That’s been a question I have been asking myself for some time. I felt like the price just keeps going up. And if you read articles like this, it’s easy to conclude it’s true.
But here’s some numbers on the least expensive models over time, taken from this:
iPhone (4GB): $499
iPhone 3G (8GB): $599
iPhone 3GS (16GB): $599
iPhone 4 (16GB): $599
iPhone 4S (16GB): $649
iPhone 5 (16GB): $649
iPhone 5s (16GB): $649
iPhone 6 (16GB): $649
iPhone 6 Plus (16GB): $749
iPhone 6s (16GB): $649
iPhone 6s Plus (16GB): $749
iPhone 7 (32GB): $649
iPhone 7 Plus (32GB): $769
iPhone 8 (64GB): $699
iPhone 8 Plus (64GB): $799
iPhone X (64GB): $999
Looking at that, I have to think that the phones are getting more expensive, but likely they have always been that way. (And note, this doesn’t account for inflation or the improved quality of the phones, including greater storage.)
Occasionally Apple will make a cheaper phone like the 5C or the SE that are essentially remixes of older models. Or they will continue to support a wider range of phones, like continuing to sell the 7, the 8, and now the X. But it seems the high end was never inexpensive and likely never will be.
If you are skeptical about the greatness of the iPhone 6s, this piece makes a good argument for it: Reasons you should buy an iPhone 6S instead of an iPhone 8 or iPhone X – Business Insider. If money is a prime concern, you can find refurbished 6s phones for a fraction of the cost of a new iPhone 8 or X.
If you want an iPhone and you are fine with refurbished — and some places give good warrantees on such phones — then consider making an iPhone 6s your next phone. Or get a new one from your mobile phone carrier or buy one outright from Apple.
I am unexcited about the direction in Smartphone design. The key design idea that less is more in a phone is becoming Less is a Bore. Perhaps that’s why this design of a Blackberry got me thinking about it. While it still has a gorgeous screen, the phone itself is worthy of looking at and touching. It strikes the right balance. The phone as a design object is worthwhile.
It would have been good if Apple had struck out in a new design direction with the iPhone X. Instead they went with Less is More. Instead we have a phone with the Notch and a camera on the back that sticks out. It’s as if Apple would have preferred not to have these cameras and sensors, so rather than design the phone to incorporate them into the design, they stick out, figuratively and literally. In a few years from now when Apple has gone in a different direction, Apple fans will look back and exclaim how poor that aspect of the phone design is.
As for now, we live in an age where the screen dominates design, from TVs to smartphones. In the future that may change and the technology that we interact with will be contained in objects that have noteworthy design in them.
For more on this beautifully designed phone, see If BlackBerry Ditched the Keyboard | Yanko Design.
Great review of the latest iPhone*, here: The iPhone 8 is a look into the augmented future of photography | TechCrunch. I had heard that the iPhone 8 had a great new camera, but this article really drives that home.
If you are thinking of getting an “8”, this could be the reason you need. On the other hand, if you rarely take photos or don’t care too much about the quality, I think the case for an upgrade gets weaker.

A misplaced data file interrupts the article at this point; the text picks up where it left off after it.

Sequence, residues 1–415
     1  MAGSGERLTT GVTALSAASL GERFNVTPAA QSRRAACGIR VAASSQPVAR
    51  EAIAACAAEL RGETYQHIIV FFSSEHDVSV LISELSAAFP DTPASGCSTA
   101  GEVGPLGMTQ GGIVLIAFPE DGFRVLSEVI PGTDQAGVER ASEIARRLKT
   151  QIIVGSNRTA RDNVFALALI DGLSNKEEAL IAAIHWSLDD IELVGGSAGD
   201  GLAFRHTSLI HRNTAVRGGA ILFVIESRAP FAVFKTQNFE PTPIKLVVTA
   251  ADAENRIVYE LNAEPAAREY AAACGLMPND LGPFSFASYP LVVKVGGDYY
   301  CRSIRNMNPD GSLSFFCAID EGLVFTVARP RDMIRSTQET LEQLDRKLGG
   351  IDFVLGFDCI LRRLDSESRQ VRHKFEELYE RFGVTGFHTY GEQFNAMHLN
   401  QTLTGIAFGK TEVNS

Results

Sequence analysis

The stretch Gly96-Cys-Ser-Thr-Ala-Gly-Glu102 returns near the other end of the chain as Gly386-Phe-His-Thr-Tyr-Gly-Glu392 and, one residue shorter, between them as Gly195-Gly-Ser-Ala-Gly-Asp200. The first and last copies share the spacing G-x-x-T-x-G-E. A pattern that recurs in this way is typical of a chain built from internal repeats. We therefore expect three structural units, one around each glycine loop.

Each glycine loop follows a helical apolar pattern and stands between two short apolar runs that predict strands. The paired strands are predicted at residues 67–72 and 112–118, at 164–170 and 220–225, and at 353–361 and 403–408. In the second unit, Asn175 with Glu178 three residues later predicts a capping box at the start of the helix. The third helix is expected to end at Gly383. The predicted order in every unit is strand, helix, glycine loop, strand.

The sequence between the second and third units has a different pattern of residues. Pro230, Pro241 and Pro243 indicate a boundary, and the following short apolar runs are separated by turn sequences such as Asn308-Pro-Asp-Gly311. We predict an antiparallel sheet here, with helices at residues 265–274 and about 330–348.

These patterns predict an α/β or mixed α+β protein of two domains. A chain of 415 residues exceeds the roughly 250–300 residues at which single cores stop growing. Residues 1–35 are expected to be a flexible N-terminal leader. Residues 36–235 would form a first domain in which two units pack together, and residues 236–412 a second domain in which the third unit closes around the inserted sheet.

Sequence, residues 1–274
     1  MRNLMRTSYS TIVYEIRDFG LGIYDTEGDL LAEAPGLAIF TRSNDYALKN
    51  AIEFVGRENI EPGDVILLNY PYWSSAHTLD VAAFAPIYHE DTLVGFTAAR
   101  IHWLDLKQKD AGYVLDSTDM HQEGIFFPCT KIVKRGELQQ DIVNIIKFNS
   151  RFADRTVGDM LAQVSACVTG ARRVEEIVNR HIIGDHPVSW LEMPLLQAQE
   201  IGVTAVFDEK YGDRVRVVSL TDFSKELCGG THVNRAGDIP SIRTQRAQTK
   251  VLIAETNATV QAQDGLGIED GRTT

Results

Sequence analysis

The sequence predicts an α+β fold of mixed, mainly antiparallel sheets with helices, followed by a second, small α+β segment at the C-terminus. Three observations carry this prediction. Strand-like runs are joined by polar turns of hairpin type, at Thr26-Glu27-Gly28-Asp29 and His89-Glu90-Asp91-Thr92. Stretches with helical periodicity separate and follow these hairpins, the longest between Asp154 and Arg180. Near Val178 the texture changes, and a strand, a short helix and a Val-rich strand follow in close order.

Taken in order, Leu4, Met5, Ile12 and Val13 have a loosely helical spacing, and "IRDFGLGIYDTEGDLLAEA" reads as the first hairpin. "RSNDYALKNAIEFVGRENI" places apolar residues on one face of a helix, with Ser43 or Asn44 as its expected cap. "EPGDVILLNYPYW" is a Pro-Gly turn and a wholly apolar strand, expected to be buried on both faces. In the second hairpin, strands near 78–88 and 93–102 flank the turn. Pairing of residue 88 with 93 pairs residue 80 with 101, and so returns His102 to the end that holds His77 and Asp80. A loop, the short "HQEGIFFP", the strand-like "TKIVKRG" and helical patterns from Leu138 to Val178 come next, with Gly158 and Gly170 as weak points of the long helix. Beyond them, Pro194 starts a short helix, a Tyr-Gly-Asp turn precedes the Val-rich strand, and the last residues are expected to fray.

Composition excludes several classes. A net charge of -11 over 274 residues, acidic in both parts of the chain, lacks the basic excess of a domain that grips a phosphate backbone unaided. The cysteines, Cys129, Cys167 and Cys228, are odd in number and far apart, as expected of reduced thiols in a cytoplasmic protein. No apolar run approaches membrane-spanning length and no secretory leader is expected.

* I don’t consider the iPhone X the latest phone so much as a promise of where the iPhone is going. To be honest, I think the iPhone X is as much an attempt to celebrate the 10 years of the iPhone and Steve Jobs’s legacy, not unlike the Twentieth Anniversary Macintosh. Not that there is anything wrong with that.
Apple took a turn towards something I was hoping they would do: (relative) affordability. You can see it in this piece from Business Insider:
Apple introduced an iPhone with a smaller screen on Monday called the iPhone SE. The best way to think about it is as Apple’s current top-of-the-line iPhone specs in a smaller body. It costs $399 without a contract — a surprisingly low price for a new iPhone. …the older iPad Air 2 got a price cut to $399…. While the Apple Watch didn’t get a hardware update, Apple did unveil new nylon bands and cut its starting price from $350 to $299.
I was wondering if Apple was going to try and offer some affordable products or reposition itself as a luxury brand. I am glad to see they went with affordable. There are now lots of products from Apple at a wide range of price points, starting with the iPod (at $59). I have always been a fan of the lower priced iPods, and I am glad to see Apple still offers them. Likewise, the iPad Mini 2 is an excellent tablet and the iMac mini is an excellent computer. Relative to the market, they are priced competitively and yet superior technology. Now the new Watch and the new SE phone join them.
For people who want to spend lots of money, Apple has a product for them. By offering the lower end products, they both force their competitors to offer better products as well as allow more people to have access to their excellent technology.
P.S. I realize for some people, even these relatively low prices are not affordable. In the context of this post, affordable is in context to the rest of the marketplace an Apple product competes within.
There was a lot of scoffing when Apple recently released this
and claimed the colour was rose gold. It’s pink, was the common reply. But as this piece shows ( The Semiotics of “Rose Gold” – The New Yorker), rose gold is a specific material. It refers to an alloy of gold to which copper has been added. For that matter, white gold, which is an alloy with nickel or manganese, is also a specific material. Jewelers know this, of course, and Apple is smart to associate with the metal (gold) vs the colour.
The New Yorker piece is fascinating. Worth reading, especially if you are skeptical about the colour.